·           Cheap alcohol enables daily drinking, which increases lifetime risk even at relatively low levels. The protective effects of small amounts of alcohol for the cardio-vascular system, which have received publicity, apply in small quantities and mainly to middle-aged people. [xi]


MUP would penalise those on lower incomes

·           People in the most deprived groups are more likely not to drink at all: one study found only a third of households in the lowest income band purchased alcohol in the last week, as opposed to 70% in the highest.[xii]The same study showed that the purchase of low-priced alcohol is distributed across income groups.

·           People on lower incomes are more likely to drink ‘on-trade’ (for example, in pubs) where prices would be largely unaffected.

·           People in less advantaged socio-economic groups are more likely to suffer alcohol-related harm if they do drink, possibly due to health and social problems exacerbating each other (as the book ‘The Spirit Level’[xiii]would also suggest).  In the most deprived areas, men are five times as likely to die of an alcohol-related illness compared with those in the most affluent areas; women are three times as likely.[xiv]

‘The proportions of people exceeding 4/3 units and of people drinking heavily rose with increasing gross weekly household income.  In households with a gross weekly income of £200 or less, 30% of men drank more than 4 units and 14% drank more than 8 units on at least one day in the previous week.  In households with an income of over £1,000 the figures were 46% and 26% respectively.[xv]


Hazardous and problem drinkers would be unlikely to change their behaviour because they are dependent

·           There is relatively little research on the most heavily dependent group and findings are inconclusive. Whilst some researchers have argued that they are less price-responsive, others suggest the opposite is the case:

Contrary to our expectations, the heaviest drinkers changed their consumption most.  They were quite sensitive to price. Furthermore, that group showed a marked reduction in all kinds of health measures.’  Dr Bruce Ritson, describing the effects of increased prices in evidence to the Scottish health committee.[xvi]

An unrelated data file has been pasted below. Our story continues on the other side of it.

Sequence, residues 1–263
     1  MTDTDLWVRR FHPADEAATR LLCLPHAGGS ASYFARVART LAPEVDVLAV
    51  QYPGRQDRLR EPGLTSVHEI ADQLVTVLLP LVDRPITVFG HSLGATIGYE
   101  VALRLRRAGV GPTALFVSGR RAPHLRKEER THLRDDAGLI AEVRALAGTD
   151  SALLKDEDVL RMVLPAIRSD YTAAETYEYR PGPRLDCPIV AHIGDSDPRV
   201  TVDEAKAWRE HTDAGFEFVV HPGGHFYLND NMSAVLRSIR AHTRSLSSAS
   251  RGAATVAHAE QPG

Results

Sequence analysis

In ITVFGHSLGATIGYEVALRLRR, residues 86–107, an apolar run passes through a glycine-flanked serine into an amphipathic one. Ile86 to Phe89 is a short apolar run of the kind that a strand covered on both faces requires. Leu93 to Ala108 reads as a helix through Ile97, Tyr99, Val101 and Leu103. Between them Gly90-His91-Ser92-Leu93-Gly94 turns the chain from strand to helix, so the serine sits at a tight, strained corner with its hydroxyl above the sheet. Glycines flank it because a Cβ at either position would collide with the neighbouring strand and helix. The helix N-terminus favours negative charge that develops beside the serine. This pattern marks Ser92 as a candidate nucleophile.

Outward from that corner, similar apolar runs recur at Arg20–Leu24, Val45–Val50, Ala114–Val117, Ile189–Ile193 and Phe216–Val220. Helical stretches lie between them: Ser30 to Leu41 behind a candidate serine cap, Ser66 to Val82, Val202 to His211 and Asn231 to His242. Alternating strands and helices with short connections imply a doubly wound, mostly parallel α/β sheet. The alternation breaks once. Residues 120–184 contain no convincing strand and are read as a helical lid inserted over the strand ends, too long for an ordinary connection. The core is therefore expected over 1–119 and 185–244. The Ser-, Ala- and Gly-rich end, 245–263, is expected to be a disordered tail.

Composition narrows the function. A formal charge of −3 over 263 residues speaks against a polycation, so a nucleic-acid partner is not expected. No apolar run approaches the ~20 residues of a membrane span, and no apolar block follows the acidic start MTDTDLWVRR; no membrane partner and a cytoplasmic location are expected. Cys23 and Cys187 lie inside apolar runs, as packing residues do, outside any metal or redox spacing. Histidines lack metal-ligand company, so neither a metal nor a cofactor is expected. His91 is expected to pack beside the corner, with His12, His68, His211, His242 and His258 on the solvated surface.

‘Harmful drinkers have both a higher mortality risk and respond to policy changes with larger absolute changes in consumption than moderate and hazardous drinkers.’ ScHARR report (p124)


·           It is true that MUP could present difficulties for some dependent drinkers, but we strongly believe that increased access to high quality treatment and support (rather than to cheap alcohol) needs to be the response. 


Falls in overall alcohol consumption suggest that problems will also begin to fall without such drastic measures

·           It is true that there has been a fall in consumption and risky consumption from a high-point in 2007/8, although women’s drinking and harmful drinking has shown one of the steeper increases[xvii].  However, levels of consumption and risky drinking are still extremely high in historical terms, and are now similar to those in 2004.  Hospital admissions for alcohol-related conditions have continued to rise and 70% of peak time attendances to Accident and Emergency Departments are alcohol-related. 

·           The vast majority of people drinking over recommended limits are not dependent, but they are drinking enough to damage their health: